A top White House official claimed, without evidence, that China sent sick people to other countries to 'seed' COVID-19 around the world
- White House trade adviser Peter Navarro has accused China of attempting to "seed" the coronavirus around the world by sending sick people overseas.
- "[China] sent hundreds of thousands of Chinese on aircraft to Milan, New York and around the world to seed" COVID-19 he told ABC News.
- There is no proof that China intentionally spread the coronavirus.
- In recent weeks the Trump administration has stepped up its attacks on China.
- Top Republicans have a spread a debunked conspiracy theory claiming the virus originated in a secret Wuhan government lab, while Trump has accused China of seeking to sink his reelection chances.
- Visit Business Insider's homepage for more stories.
Peter Navarro, a White House trade adviser and longtime China critic, accused China of a plot to "seed" the coronavirus globally by sending sick travellers overseas.
Navarro made the accusation in an interview with ABC News on Sunday. He offered to evidence to substantiate the claim.
In recent weeks the Trump administration has stepped up its attacks on China over its response to the virus.
In the ABC exchange, Navarro at first claimed not to be accusing China of deliberately spreading the virus.
However, he then offered an account of how he believed China had spread the illness.
—This Week (@ThisWeekABC) May 17, 2020
"I did not say they deliberately did it, but their China virus — let's go over the facts here, correct me if I'm wrong — the virus was spawned in Wuhan Province, patient zero was in November," said Navarro.
"The Chinese, behind the shield of the World Health Organization for two months, hid the virus from the world, and then sent hundreds of thousands of Chinese on aircraft to Milan, New York and around the world to seed that."
There is evidence suggesting that China concealed information from the WHO about the virus. However, there has been no proof that China deliberately allowed people with the virus to travel abroad to encourage it to spread.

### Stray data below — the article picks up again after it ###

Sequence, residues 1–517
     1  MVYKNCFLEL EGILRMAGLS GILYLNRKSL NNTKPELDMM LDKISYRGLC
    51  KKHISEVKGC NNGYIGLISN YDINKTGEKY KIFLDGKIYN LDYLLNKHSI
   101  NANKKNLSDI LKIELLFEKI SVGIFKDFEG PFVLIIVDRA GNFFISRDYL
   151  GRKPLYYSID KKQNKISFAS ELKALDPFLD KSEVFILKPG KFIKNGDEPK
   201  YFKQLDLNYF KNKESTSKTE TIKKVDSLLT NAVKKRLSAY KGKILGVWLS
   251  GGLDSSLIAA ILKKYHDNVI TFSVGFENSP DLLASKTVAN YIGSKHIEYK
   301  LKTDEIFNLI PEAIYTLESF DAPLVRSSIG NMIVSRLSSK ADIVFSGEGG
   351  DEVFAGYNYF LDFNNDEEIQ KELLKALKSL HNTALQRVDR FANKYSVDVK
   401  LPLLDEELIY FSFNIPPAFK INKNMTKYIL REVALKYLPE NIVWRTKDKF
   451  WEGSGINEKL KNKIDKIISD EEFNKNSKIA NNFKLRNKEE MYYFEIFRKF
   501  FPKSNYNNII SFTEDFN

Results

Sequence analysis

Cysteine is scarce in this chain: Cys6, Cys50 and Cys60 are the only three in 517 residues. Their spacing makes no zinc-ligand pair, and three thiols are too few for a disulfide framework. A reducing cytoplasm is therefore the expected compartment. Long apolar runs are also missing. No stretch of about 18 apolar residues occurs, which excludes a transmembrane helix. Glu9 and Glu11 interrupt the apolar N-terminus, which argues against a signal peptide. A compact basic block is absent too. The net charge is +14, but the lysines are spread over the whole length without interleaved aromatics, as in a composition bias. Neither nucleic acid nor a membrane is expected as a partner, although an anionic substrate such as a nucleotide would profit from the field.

Navarro continued: "They could have kept it in Wuhan, instead, it became a pandemic. So that's why I say the Chinese did that to Americans and they are responsible now."
Navarro's claim echoed on by President Donald Trump, in a May 3 Fox News town hall event.
Trump asked: "You could fly out of Wuhan where the primary problem was … and you could go to different parts of the world, but you couldn't go [from Wuhan] to Beijing and you couldn't go to any place in China. So what's that all about?"
The site factcheck.org has investigated Trump's claim, and found that the theory was first touted in a column by British historian Niall Ferguson in the Times of London on April 5.
Ferguson questioned why China had allowed international flights to continue leaving from Wuhan, the source of the outbreak, after January 23, when it imposed tough restrictions on internal travel from the city.
However, the claim that China blocked domestic but not international flights has been rebutted.
Ian Petchenik, the director of communications for Flightradar24, a global flight tracking service from which Ferguson said he sourced his data, told factcheck.org that Ferguson's claim was wrong.
"There were no more normal, commercial flights" from Wuhan after Jan. 23. "They did stop people from going to the US and to the rest of the world," he said.Read the original article on Business Insider
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